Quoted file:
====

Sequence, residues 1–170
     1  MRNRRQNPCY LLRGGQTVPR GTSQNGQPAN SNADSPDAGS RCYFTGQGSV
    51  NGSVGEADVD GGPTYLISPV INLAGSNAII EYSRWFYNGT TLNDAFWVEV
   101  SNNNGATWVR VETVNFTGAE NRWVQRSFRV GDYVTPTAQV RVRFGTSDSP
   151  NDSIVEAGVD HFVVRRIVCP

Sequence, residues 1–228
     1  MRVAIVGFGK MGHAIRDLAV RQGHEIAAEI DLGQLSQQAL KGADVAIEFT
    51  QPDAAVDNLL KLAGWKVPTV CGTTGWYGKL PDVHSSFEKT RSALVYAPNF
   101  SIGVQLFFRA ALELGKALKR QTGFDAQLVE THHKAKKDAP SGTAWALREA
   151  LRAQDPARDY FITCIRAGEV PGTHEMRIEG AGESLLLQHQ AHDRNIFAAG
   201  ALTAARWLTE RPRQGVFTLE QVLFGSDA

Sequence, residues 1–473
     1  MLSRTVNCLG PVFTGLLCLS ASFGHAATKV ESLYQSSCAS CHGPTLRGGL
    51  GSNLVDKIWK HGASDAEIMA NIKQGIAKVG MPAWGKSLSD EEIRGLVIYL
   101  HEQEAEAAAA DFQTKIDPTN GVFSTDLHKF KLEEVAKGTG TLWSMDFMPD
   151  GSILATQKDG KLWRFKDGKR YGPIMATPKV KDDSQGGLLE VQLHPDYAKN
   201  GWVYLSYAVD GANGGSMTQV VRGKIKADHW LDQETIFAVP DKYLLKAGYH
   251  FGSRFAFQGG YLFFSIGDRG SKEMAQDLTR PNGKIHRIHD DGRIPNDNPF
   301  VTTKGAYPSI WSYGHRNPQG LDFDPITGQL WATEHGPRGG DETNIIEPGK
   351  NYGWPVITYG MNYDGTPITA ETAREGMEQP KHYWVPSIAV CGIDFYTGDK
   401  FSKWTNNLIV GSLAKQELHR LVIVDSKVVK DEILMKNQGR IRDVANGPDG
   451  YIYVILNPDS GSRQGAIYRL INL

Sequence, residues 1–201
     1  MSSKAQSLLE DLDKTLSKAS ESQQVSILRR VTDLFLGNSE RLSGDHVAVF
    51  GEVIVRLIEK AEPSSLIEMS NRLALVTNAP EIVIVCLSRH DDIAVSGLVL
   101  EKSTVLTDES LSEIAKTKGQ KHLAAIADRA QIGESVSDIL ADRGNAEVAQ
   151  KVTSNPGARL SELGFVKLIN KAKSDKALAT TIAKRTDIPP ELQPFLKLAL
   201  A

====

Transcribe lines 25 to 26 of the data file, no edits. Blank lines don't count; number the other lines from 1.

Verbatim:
    51  GEVIVRLIEK AEPSSLIEMS NRLALVTNAP EIVIVCLSRH DDIAVSGLVL
   101  EKSTVLTDES LSEIAKTKGQ KHLAAIADRA QIGESVSDIL ADRGNAEVAQ